Conviction will lead to trials on 'poor evidence'

Lawyers warn of the dangers of circumstantial cases and police review procedures on forensic evidence and witness statements
Click to follow

The successful reliance on circumstantial evidence in the conviction of Barry George will encourage the police and the Crown Prosecution Service (CPS) to bring similar cases to court, lawyers said last night.

For many years, legal authorities have been reluctant to prosecute on the basis of such evidence alone. Judges consider it to be second-best to that which directly links the defendant to the crime. And where no other evidence is presented to the jury, defence lawyers have often argued, before the end of the trial, that their client has no case to answer.

The Criminal Law Solicitors Association said it feared George's conviction would lead to more people being tried on "lots of little bits of poor evidence". The chairman of the association, Franklin Sinclair, described the case as "potentially dangerous", although he accepted that some circumstantial evidence ­ properly presented ­ could be compelling.

At the end of the Dando case, the CPS intimated its willingness to prosecute in this kind of case. A senior lawyer at the CPS, Alison Saunders, said: "Many people believe that circumstantial evidence is not as valuable as direct evidence, such as forensic. But, in this case, each bit of circumstantial evidence was like a piece of a jigsaw, which fitted together to build up the complete and compelling picture."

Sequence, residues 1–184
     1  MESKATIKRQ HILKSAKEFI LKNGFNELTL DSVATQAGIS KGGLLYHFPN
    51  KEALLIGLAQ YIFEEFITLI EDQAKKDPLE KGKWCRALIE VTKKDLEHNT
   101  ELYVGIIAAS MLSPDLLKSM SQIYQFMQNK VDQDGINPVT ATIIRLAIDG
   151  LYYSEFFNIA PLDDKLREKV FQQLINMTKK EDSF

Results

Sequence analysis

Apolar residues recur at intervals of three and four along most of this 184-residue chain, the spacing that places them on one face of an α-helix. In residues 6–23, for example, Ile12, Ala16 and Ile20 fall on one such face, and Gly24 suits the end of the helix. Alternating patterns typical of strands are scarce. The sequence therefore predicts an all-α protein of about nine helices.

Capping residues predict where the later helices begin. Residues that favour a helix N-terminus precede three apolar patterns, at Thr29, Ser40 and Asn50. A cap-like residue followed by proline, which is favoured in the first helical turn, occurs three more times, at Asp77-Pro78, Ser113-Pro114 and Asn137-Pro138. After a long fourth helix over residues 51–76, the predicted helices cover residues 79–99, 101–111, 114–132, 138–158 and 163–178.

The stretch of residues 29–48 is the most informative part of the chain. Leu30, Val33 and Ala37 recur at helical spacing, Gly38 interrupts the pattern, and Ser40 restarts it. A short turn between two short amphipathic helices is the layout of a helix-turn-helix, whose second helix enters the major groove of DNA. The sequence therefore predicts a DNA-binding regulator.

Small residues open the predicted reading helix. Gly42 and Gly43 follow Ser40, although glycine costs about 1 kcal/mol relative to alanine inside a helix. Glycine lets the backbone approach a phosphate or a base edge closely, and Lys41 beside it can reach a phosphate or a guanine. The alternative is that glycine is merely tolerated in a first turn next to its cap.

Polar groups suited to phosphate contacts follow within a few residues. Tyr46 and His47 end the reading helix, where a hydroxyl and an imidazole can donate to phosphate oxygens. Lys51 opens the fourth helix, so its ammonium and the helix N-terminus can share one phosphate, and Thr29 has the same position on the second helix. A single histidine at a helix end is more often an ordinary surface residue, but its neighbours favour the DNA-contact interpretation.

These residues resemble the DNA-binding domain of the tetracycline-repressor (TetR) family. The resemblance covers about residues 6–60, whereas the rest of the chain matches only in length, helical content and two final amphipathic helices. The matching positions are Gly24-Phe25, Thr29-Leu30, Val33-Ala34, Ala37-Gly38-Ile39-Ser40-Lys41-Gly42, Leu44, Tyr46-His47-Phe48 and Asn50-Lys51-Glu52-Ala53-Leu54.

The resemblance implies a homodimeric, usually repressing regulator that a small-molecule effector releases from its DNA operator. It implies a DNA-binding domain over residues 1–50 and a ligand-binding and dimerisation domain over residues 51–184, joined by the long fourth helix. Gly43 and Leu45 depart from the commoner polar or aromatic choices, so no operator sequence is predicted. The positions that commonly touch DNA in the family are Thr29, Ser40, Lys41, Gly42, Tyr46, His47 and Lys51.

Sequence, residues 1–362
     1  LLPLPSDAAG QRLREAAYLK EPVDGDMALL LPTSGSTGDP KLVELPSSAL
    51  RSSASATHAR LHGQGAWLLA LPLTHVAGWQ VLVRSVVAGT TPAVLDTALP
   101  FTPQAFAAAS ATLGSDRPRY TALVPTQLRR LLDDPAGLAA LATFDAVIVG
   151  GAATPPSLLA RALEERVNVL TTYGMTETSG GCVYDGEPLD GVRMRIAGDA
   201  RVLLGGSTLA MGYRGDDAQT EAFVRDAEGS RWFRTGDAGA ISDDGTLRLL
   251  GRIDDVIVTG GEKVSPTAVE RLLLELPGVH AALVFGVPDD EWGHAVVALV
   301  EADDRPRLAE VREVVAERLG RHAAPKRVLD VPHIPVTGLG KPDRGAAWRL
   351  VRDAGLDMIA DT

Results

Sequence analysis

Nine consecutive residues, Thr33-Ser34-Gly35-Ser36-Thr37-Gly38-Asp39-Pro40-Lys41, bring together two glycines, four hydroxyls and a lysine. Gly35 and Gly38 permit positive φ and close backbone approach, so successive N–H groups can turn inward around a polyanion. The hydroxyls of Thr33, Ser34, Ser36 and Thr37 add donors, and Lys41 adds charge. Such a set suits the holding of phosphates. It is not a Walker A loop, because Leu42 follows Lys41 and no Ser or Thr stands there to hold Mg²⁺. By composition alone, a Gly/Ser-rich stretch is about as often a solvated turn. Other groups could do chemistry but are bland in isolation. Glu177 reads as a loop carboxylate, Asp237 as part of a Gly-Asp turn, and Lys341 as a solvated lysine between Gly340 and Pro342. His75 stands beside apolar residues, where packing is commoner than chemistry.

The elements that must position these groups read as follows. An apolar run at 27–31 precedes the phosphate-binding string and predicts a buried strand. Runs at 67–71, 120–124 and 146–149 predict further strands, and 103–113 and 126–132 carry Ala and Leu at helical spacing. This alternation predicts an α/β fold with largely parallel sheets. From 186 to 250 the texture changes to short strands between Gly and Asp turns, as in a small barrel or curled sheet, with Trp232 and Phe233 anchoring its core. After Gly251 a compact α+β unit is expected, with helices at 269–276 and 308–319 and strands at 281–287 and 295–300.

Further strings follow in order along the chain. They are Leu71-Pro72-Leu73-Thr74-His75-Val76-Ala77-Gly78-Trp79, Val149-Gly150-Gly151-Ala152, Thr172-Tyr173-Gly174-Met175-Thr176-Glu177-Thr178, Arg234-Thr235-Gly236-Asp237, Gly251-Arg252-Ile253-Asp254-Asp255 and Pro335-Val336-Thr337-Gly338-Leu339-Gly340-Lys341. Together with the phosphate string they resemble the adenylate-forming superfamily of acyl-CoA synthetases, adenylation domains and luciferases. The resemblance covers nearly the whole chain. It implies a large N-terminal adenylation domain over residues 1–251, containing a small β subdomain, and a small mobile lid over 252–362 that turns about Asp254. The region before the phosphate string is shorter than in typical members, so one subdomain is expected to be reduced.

A number of famous cases have been proved using circumstantial evidence. The most recent example was the Lockerbie trial, when Abdelbaset Ali Mohmed al-Megrahi was found guilty of the bombing of Pan Am flight 103 and the murder of 270 people. A report by a United Nations observer after the trial criticised the judges for allowing a conviction "exclusively based on circumstantial evidence".

In 1999, the man charged with the murder of Julie Ward in a Kenyan game park 13 years ago was acquitted after the judge ruled that the prosecution had failed to bring sufficient evidence to secure a conviction beyond reasonable doubt.

Simon Ole Makallah, the former chief warden of the Maasai Mara game park, who headed the search party that found the mutilated remains of Ms Ward, a 28-year-old British tourist, had already been found not guilty by three assessors, who take the place of a jury under the Kenyan legal system. The judge said that, in light of available evidence and on the basis of precedent in cases involving circumstantial evidence, he had no option but to give the accused the benefit of the doubt.

Michael Mansfield QC and the rest of Barry George's defence team will be hoping to achieve a similar result for their client.

But John McManus, of the Miscarriages of Justice campaign group, said yesterday that George was "very unlikely" to lodge a successful appeal.

"It is a catch-22 situation for him," he said. "He has been convicted on circumstantial evidence, but the Court of Appeal will not look at anything based on circumstantial evidence."

Neither will it help George that there is other evidence, not circumstantial, which went before the jury. This, said Ms Saunders, included evidence of the firearm's residue and testimony from witnesses who identified George as being near the crime scene, and the lies he told about his movements.

Mr McManus suggested that George's best hope lay in finding fresh evidence. But that was going to be very difficult.